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CyberSenga: Internet-based HIV Prevention in Uganda

This study has been completed.
Sponsor:
ClinicalTrials.gov Identifier:
NCT00906178
First Posted: May 21, 2009
Last Update Posted: August 11, 2016
The safety and scientific validity of this study is the responsibility of the study sponsor and investigators. Listing a study does not mean it has been evaluated by the U.S. Federal Government. Read our disclaimer for details.
Collaborators:
Mbarara University of Science and Technology
Harvard University
University of Colorado, Denver
Internet Solutions for Kids Uganda, Limited
National Institute of Mental Health (NIMH)
Information provided by (Responsible Party):
Center for Innovative Public Health Research
May 20, 2009
May 21, 2009
March 29, 2016
August 11, 2016
August 11, 2016
August 2007
October 2011   (Final data collection date for primary outcome measure)
  • Sex Without a Condom as Assessed by Self-report [ Time Frame: 6-months post-intervention ]
    Unprotected sex (i.e., vaginal or anal sex without a condom) in the past three months
  • Sexual Abstinence [ Time Frame: 6-months post-intervention ]
    Not having had vaginal or anal sex in the past three months
Our main outcome measure is the frequency of unprotected sex [ Time Frame: 6-months post-intervention ]
Complete list of historical versions of study NCT00906178 on ClinicalTrials.gov Archive Site
  • Abstinence at Three-month Follow-up [ Time Frame: 3 months post-intervention ]
    Sexual abstinence (i.e., not having vaginal or anal sex) in the past 90 days
  • Unprotected Sex at Three-month Follow-up [ Time Frame: 3 months post-intervention ]
    Ever had vaginal or anal sex without a condom in the past 90 days
The secondary outcome will be sexual abstinence [ Time Frame: 6-months post-intervention ]
Not Provided
Not Provided
 
CyberSenga: Internet-based HIV Prevention in Uganda
CyberSenga: Harnessing the Power of the Internet to Prevent HIV in Ugandan Youth
The investigators propose to design and test an Internet-based HIV prevention program for adolescents in Uganda.

HIV/AIDS is a major contributor to morbidity and mortality in Uganda. Despite aggressive advances in HIV prevention efforts, recent data suggest that HIV prevalence is increasing generally, and HIV knowledge, a direct contributor to behavior, is on the decline among young people specifically as compared to a decade ago.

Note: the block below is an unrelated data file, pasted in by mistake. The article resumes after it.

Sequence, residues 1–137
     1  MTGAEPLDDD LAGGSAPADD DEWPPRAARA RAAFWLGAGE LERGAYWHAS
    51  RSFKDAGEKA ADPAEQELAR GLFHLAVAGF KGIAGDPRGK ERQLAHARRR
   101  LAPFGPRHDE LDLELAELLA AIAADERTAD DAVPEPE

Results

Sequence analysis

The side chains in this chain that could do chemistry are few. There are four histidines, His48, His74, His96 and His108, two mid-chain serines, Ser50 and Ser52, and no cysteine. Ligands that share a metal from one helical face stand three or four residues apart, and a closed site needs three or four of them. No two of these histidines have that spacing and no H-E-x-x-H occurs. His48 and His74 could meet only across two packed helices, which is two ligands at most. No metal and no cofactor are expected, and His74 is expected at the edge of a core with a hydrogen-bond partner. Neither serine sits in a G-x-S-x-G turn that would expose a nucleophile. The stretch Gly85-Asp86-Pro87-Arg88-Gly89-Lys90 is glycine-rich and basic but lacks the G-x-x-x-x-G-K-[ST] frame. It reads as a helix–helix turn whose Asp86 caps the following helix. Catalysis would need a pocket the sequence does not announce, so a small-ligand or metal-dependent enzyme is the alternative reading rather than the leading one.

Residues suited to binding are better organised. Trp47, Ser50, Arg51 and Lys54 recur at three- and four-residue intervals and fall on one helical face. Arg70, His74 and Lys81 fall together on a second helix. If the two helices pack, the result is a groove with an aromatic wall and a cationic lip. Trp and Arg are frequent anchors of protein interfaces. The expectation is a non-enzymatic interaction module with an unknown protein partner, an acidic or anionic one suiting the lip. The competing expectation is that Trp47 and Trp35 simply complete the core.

The Internet is a promising mode of intervention delivery in resource poor-settings because the costs associated with scaling up are minimal; dissemination online is the same if one person or 100,000 people use the program. Just as important, it provides access to important health information in a stigma-free, anonymous atmosphere. Our recent data indicate that 45% of adolescents in Mbarara, Uganda have used the Internet, 78% of whom went online at least once in the previous week. Eighty-one percent of respondents in the same survey indicated they would go to an HIV prevention web site if it existed. Based upon these data, we propose to develop a culturally appropriate, Internet-based HIV prevention program designed specifically for Ugandan adolescents between the ages of 12 and 18 years. Our specific aims are as follows:

Specific Aim 1: Design a 6-hour, Internet-based HIV prevention program for adolescents. Content will be culturally tailored to the HIV preventive information, motivation, and behavioral skills needs of Ugandan adolescents.

Specific Aim 2: Test the intervention in a randomized controlled trial (n=500) among adolescents attending grades Secondary 1-4 (similar to US high school grades 8th - 11th) at day schools in Mbarara.

This project has the potential to develop low-cost and salable interventions to HIV transmission risk behaviors among adolescents in Uganda.

Interventional
Phase 1
Allocation: Randomized
Intervention Model: Parallel Assignment
Masking: None (Open Label)
Primary Purpose: Prevention
  • Sexual Abstinence
  • Condom Use
Behavioral: CyberSenga
Internet-based HIV prevention program
  • Experimental: CyberSenga
    6-module HIV prevention program tailored for adolescents in Uganda
    Intervention: Behavioral: CyberSenga
  • No Intervention: Control
    "treatment as usual" - the sexual health education adolescents currently receive in secondary school

*   Includes publications given by the data provider as well as publications identified by ClinicalTrials.gov Identifier (NCT Number) in Medline.
 
Completed
366
October 2011
October 2011   (Final data collection date for primary outcome measure)

Inclusion Criteria:

  • Enrollment in grades Secondary 1 through 4 at a partner secondary school
  • Having used a computer or the Internet at least once in the past year
  • Not having been part of the intervention development activities
  • Caregiver informed permission and adolescent informed assent

Exclusion Criteria:

Sexes Eligible for Study: All
12 Years and older   (Child, Adult, Senior)
Yes
Contact information is only displayed when the study is recruiting subjects
Uganda
 
 
NCT00906178
ISK-NIH-MH080662
5R01MH080662 ( U.S. NIH Grant/Contract )
No
Not Provided
Plan to Share IPD: No
Center for Innovative Public Health Research
Center for Innovative Public Health Research
  • Mbarara University of Science and Technology
  • Harvard University
  • University of Colorado, Denver
  • Internet Solutions for Kids Uganda, Limited
  • National Institute of Mental Health (NIMH)
Principal Investigator: Michele Ybarra, MPH PhD Center for Innovative Public Health
Center for Innovative Public Health Research
June 2016

ICMJE     Data element required by the International Committee of Medical Journal Editors and the World Health Organization ICTRP